Teaching My Girls How to Love Themselves

As I drop 10 off on her second to last day of school, I turn to the back seat. She is smiling and ready. The last day is almost here and this almost-done-with-fourth grade girl is ready for lazy days of summer, for sleeping in, for swimming, for playing with friends and her cousins. I lean in for her good-bye kiss. As she races to jump out, I yell, “I love you and remember… “ – she cuts me off – “I know mom, she says smiling, “be kind to everyone,” like she has heard this reminder every day since starting kindergarten. (Which she has.)

It started with her older sister, who is now 12, on her first day of school. A shy quiet 5 year old twin of my younger self. She would cling to me, not sure who to trust in this new world called school, and eventually with the help of her wonderful kindergarten teacher, she would let go of my skirt, but not before I leaned in with a goodbye kiss and hug, and a promise to be standing there to pick her up in exactly seven hours.

As she grew to love her teacher and her new surroundings, she was unsure of these new little people in her classroom. Where were her preschool friends? and who would she play with at recess? she worried. I told her what my mother told me: In order to have friends, you need to be a friend first. A tall order for a quiet shy five year old. (Something I had in common with my daughter.)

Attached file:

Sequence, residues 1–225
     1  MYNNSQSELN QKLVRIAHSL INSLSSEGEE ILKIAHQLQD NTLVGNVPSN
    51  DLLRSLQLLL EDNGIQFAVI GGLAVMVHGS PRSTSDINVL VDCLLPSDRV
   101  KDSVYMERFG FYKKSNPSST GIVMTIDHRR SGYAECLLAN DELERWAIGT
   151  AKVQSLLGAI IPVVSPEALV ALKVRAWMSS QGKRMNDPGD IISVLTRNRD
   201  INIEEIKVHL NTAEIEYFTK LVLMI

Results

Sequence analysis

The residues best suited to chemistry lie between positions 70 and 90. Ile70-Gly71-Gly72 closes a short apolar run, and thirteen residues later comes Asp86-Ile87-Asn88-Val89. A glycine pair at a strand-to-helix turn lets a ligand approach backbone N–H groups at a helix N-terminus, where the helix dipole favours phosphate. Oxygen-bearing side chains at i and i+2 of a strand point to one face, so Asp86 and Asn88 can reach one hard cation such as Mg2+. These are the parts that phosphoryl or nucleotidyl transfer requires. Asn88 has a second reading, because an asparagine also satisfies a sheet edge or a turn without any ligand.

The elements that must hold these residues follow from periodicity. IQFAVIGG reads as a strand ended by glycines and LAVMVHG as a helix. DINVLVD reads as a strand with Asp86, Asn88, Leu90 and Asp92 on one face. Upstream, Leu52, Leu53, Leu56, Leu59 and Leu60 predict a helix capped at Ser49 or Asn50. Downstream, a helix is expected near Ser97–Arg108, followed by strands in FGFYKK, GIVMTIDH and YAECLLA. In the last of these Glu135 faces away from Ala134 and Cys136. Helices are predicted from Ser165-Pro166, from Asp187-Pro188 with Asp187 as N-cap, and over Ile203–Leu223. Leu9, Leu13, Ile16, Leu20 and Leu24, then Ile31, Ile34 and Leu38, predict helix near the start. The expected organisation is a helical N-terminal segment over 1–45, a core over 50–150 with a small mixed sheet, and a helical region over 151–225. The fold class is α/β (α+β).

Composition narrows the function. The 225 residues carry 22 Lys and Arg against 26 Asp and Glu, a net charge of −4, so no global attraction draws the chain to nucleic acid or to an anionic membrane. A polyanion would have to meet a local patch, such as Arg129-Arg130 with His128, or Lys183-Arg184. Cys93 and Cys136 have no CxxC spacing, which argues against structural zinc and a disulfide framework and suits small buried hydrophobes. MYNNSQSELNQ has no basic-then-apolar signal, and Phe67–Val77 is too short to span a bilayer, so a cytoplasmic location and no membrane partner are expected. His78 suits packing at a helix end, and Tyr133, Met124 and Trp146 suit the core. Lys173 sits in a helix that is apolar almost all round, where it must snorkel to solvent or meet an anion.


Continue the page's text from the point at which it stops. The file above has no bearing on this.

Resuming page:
So I told her this as well… if you see someone who needs a friend, who is sitting there alone, or looks sad she should ask them to play. Be kind. Okay mama, she said. And thus started my “be kind to everyone” mantra. Every morning at school drop off.

I have said it to her every single morning at drop off for six years: kindergarten through fifth grade… and then again through sixth grade and seventh. For a total of 1,440 days.

Her younger sister, 10, has heard this for 900 days so far.

I have probably said it a few thousand times more in between.

Be kind. Be kind. Be kind. In a world where hate exists, I want to make sure my girls know what kindness is. We talk about stuff. Good stuff and not such good stuff. Stuff happening in the world, and stuff happening in school. In middle school, there is drama (I mean there always seems to be some girl drama), and as my younger daughter looks on at this, I continue to talk with both of them about being kind to others. Sometimes people are hurting inside, that is why they act like this, I tell them. So we need to always remember to be kind and take the road less traveled. The road which is always harder. The be kind to everyone road, because that is what matters.

Then it hit me. That second to last day of school, as I yelled I love you and be kind.

It shook me as I drove to work, and stayed with me all day.

I realized something. Something which I cannot believe I haven’t thought of before now.

As a mother I have been so focused on raising my girls to be kind to everyone, I forgot to tell them how to be kind to themselves. How to love themselves.

Even now as I am writing this, I am tearing up.

Seventh grade has had its ups and downs. (I feel like I am sometimes reliving my own middle school days.) There have been good days and bad days. I listen and try to help 12 navigate through these often murky and uncharted waters of what being an adolescent girl is all about and puberty and growing up and girl drama. I try to give her the tools to know what to say and do in situations so she can speak up for herself. So she can use her own voice when she doesn’t like how she is being treated. It’s not easy, I know.